Before Casting Judgment

Before Casting Judgment

Elections are judgmental, really. In casting ballots, we are casting judgment. Candidates also judge one another, and many are not shy about telling the world their findings.

The Bible, along with its messages of eternal salvation and hope, also provides the moral teachings of a young fellow who by America’s constitutional age minimums would not be eligible to run for President of the United States. Jesus Christ, then in his early thirties, taught a lot about judging others. “Judge not, that you not be judged,” was one of the bits of wisdom Jesus offered in his famous sermon preached from an elevated piece of ground for all to hear.

Okay, so now we have a problem: Jesus says not to judge, yet we all are called to make judgments when voting, and surely Jesus would want everyone to vote, would he not?

Jesus had a solution for that conundrum.

Getting the Speck Out

Immediately after beseeching his listeners not to judge, Jesus laid out his further thoughts in the form of some questions, as he often did: “Why do you see the speck that is in your brother’s eye, but do not notice the log that is in your own eye? Or how can you say to your brother, ‘Let me take the speck out of your eye,’ when there is the log in your own eye?”

He was not finished, and he closed with what would make a good political tweet today. “You hypocrite, first take the log out of your own eye,” Jesus summed up, “and then you will see clearly to take the speck out of your brother’s eye.” (Matthew 7:3-5, emphasis added.)

That’s the answer! It is fine to evaluate or even judge others in certain contexts—to help them get the “speck” out—but one must first work on his or her own, bigger faults before worrying about those of someone else.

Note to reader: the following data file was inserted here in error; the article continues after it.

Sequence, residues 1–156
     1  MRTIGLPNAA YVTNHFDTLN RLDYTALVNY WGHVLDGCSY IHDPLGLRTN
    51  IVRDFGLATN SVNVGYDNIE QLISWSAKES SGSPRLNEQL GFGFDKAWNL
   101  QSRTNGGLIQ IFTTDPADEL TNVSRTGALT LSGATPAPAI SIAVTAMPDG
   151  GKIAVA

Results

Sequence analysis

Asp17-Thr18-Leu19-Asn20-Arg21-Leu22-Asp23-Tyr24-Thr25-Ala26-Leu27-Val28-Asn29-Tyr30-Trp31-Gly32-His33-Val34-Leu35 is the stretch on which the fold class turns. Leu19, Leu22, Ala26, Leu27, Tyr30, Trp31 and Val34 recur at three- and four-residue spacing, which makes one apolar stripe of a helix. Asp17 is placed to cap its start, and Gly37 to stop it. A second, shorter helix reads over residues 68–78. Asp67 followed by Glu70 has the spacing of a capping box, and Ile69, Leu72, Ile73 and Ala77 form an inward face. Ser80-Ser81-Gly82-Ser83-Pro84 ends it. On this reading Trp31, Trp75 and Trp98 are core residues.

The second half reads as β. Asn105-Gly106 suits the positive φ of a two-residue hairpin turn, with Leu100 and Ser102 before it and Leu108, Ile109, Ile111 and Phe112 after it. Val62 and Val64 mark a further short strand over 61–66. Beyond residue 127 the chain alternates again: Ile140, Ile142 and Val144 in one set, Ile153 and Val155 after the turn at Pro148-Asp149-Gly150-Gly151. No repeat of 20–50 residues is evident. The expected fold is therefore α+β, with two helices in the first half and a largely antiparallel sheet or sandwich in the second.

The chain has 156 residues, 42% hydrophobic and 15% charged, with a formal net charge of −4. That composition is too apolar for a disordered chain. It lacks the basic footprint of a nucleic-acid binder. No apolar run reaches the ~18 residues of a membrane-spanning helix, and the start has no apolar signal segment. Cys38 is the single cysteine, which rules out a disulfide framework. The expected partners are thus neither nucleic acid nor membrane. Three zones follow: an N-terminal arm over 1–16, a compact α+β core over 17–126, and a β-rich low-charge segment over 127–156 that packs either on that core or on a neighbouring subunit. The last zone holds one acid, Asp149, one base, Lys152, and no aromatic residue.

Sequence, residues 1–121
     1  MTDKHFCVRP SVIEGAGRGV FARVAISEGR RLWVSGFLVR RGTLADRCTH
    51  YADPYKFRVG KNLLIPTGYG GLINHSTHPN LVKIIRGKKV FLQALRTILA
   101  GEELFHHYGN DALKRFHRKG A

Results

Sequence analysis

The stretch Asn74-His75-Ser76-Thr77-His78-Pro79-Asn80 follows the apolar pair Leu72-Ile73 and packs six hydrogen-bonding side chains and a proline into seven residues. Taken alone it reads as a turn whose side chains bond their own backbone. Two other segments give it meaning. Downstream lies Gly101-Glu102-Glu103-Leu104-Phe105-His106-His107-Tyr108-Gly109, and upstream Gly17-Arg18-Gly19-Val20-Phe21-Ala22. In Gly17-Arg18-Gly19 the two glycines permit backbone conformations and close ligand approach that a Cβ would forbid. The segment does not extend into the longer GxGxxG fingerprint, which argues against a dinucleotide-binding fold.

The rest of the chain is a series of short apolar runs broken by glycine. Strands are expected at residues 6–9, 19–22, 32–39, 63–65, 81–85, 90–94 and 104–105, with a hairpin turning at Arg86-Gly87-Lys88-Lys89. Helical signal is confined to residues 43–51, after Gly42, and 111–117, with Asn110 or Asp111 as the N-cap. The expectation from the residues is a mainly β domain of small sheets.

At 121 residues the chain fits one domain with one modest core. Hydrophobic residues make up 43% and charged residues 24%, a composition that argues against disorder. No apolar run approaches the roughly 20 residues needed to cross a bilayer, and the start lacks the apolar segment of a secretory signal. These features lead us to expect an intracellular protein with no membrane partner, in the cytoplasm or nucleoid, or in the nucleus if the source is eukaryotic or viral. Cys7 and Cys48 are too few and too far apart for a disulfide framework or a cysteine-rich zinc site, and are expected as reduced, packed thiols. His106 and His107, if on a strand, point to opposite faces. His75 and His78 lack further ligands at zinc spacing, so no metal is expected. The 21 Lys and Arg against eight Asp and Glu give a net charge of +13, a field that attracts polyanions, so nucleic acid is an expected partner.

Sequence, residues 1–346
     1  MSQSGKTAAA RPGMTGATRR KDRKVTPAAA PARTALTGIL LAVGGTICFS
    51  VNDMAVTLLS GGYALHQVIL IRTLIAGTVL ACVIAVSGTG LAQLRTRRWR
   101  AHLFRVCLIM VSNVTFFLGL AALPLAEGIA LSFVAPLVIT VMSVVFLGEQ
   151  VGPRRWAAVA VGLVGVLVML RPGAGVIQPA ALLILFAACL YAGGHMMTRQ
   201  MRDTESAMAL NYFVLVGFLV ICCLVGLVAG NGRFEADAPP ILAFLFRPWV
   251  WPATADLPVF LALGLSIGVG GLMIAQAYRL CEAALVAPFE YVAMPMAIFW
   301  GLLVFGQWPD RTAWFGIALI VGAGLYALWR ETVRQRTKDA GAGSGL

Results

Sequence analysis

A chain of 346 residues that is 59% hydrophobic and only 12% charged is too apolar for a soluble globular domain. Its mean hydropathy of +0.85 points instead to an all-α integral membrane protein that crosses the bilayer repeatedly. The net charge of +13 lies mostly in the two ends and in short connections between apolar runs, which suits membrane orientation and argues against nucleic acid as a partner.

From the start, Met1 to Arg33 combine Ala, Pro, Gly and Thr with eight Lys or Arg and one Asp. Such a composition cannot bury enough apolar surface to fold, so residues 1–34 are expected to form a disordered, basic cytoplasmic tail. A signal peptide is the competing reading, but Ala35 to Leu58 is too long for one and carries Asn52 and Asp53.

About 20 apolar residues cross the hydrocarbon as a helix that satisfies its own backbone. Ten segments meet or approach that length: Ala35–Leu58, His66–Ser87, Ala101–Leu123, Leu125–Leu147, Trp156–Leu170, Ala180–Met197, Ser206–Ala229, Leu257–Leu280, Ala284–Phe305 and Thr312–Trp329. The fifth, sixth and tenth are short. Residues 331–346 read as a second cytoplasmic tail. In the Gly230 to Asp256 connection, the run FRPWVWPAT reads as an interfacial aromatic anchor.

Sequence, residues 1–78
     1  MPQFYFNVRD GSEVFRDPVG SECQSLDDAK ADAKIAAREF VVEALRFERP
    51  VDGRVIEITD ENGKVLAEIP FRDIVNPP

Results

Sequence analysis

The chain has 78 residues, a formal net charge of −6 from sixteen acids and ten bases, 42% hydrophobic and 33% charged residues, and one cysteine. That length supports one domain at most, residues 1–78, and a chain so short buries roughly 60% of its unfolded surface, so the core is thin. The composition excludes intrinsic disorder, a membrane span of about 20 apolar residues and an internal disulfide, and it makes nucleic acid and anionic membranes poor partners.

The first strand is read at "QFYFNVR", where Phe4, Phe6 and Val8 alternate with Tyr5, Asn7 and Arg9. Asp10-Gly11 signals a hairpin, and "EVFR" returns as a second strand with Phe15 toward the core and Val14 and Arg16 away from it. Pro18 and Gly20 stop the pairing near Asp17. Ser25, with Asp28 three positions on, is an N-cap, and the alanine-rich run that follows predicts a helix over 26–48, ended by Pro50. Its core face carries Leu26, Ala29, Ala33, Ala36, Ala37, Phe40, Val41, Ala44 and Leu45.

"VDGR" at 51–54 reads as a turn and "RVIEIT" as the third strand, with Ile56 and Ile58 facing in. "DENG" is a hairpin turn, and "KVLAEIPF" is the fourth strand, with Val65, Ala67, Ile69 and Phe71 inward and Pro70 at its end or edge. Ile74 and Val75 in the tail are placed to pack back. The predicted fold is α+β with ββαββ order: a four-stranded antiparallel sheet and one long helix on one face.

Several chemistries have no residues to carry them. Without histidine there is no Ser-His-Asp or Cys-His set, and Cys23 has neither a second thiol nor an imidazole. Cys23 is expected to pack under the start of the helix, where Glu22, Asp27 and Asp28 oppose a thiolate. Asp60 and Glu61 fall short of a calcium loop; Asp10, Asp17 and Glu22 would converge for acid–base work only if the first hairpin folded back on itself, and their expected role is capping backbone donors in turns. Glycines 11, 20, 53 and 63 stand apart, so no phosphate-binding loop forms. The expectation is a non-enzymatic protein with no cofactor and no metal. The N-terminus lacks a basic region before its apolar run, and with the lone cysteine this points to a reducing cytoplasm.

Believing in the Bible and Jesus, your humble blogger is going to spend some time these next two months to “look in the mirror” for logs in his own eyes before passing any judgment on the defects in candidates come November.

Specifically, since Principle Based Politics focuses so heavily on the use of principles in the political world, I am going to examine these principles and how I apply them in life. I also will scrutinize how I honor these declared principles related to leadership and government, including how those principles should control political decisions and actions. In short, the goal is to free up and remove any “logs” that may be blurring my political vision.

This will be a time of introspection—a personal retreat of sorts. I will let you know in a couple of months whether I recommend this approach for others.

In the Meantime

While I am pondering internally, the posts here will reiterate the seven leadership principles we have espoused since this blog launched in March 2021. We will start next week with our overview of how the most helpful principles can be identified and then used in politics, followed by separate essays reviewing each leadership principle.

Written by Quentin R. Wittrock, founder of Principle Based Politics. 

Look for his posts each week, as this blog will explore and promote the idea of principle in politics, both as to individual elected leaders and our federal government as an institution.

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